Luckily, I just weaved in my lane and then stomped the hell out of the floor of my car and made it home.
Wait.. let me back up.
This time of year work is thin, so when I got a call to work Monday, Wednesday, and Friday I said yes before I asked any questions.
It was only after I was booked that the best boy told me it would be all nights on the other side of town.
Nights bother me a lot more now than they did when I was younger – I have a much harder time adjusting, and if I’m flipping between days and nights it’s even worse.
It would have been bad form for me to say ‘no’ after accepting the job, even with the construction in the unit above me (they say they’re remodeling it, but really I just think they’re chopping holes in the walls, patching them and cutting them out again just for practice), so I was stuck.
Lucky for me I was with a wonderful bunch of guys that I really like a lot – but that construction starts up at 7 am and I can’t sleep later, even with earplugs and a white noise machine, so even with the interim days off I spent an entire week on so little sleep I think it might have qualified as cruel and unusual.
As an added bonus, Friday’s pre-call ‘breakfast’ of a seemingly harmless turkey burger resulted in a three-day bout with rotavirus.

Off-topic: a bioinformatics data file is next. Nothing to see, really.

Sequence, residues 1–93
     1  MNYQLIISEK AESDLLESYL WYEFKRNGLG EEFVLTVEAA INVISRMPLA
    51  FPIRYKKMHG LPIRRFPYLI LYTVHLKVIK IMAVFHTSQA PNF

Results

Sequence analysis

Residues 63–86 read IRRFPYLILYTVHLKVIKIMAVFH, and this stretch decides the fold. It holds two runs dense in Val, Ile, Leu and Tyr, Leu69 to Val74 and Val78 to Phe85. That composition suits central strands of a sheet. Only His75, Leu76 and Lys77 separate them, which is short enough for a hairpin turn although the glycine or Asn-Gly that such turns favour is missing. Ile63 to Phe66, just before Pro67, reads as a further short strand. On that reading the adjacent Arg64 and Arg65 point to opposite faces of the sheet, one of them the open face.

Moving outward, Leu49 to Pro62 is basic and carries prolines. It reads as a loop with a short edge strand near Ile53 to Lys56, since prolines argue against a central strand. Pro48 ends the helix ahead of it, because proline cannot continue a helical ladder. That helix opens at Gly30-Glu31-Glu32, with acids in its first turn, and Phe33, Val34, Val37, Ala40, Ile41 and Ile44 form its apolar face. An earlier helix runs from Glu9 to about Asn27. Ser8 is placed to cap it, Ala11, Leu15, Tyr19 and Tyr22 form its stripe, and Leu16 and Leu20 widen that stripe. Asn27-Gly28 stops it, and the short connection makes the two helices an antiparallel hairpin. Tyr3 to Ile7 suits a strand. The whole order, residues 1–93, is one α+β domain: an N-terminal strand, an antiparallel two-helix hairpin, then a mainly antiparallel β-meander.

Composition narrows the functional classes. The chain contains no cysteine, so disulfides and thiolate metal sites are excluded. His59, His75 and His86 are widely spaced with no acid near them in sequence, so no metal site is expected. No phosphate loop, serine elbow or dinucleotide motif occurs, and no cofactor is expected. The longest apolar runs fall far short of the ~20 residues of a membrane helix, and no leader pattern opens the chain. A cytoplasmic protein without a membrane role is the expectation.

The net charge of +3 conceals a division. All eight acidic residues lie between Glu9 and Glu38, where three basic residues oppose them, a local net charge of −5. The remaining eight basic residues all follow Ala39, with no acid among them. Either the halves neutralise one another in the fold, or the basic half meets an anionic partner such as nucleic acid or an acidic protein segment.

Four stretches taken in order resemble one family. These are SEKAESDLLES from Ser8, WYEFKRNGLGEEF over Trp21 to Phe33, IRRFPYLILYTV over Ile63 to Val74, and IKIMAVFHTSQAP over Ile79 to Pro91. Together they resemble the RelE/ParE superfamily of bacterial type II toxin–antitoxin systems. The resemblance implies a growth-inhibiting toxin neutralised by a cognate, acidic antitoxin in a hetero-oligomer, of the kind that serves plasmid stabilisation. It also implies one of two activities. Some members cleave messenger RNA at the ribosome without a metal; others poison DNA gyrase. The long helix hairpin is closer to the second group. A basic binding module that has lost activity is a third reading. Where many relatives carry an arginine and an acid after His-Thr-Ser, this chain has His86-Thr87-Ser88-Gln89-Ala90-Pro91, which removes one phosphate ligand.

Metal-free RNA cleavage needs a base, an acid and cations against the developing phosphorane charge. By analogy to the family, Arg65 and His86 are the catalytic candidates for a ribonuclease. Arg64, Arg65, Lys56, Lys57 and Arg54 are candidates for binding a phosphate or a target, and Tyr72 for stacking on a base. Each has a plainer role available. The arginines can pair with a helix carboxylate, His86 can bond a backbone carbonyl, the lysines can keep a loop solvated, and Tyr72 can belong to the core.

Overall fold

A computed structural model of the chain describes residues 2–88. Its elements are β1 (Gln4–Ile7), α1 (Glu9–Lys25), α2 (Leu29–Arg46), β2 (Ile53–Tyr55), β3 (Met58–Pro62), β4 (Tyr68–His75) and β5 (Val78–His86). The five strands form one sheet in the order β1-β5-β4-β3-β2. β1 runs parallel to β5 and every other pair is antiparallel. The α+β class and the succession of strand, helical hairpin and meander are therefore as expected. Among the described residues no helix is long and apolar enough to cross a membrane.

I got picked up for this week as well, which is great, but it’s been 7 am call times all week. Between the sleep loss and the power cleanse today was the first day I’ve felt even vaguely human.
Tomorrow, our call time is 6 am in west bumfuck, so I will have to get out of bed at 4:30. AM.
We have 9 pages to shoot, but it’s all day exterior and we don’t have enough lamps to make daylight*, so it can’t go all that late.
Since I didn’t post anything last week, please enjoy an apology photo of uplit trees and a condor with someone besides me in the basket:
*It is possible to shoot day exterior at night, but you need a lot of equipment. Like a 48 foot trailer full of HMIs. Then, when the sun goes down, we unload the truck and curse our poor life decisions.
May 21, 2014 • 9:30 pm 1
Normally, May and June are slow months. The television shows are on hiatus, the pilots are done, and any movies left in town are already crewed or haven’t started yet.
Movies – especially the ones that shoot in the desert – like to wait until it’s really super fucking hot to start principal photography.
So, just like January, I curtail my spending as much as possible, and use the time to complete some projects around the house, reorganize the dresser drawers, brush the cat, sell unwanted stuff on eBay, etc..
But this May has been different. Not only have I been working pretty consistently, I’m getting calls for multiple jobs the same day at least once a week.
It’s freaky. Not bad, mind you, but not expected.
Of course, I’m answering ‘yes’ to every call I can.
Sadly, this means I’ve had some very short turnarounds the past few days, as minimum ‘off’ time rules don’t apply when one is moving from one show to another.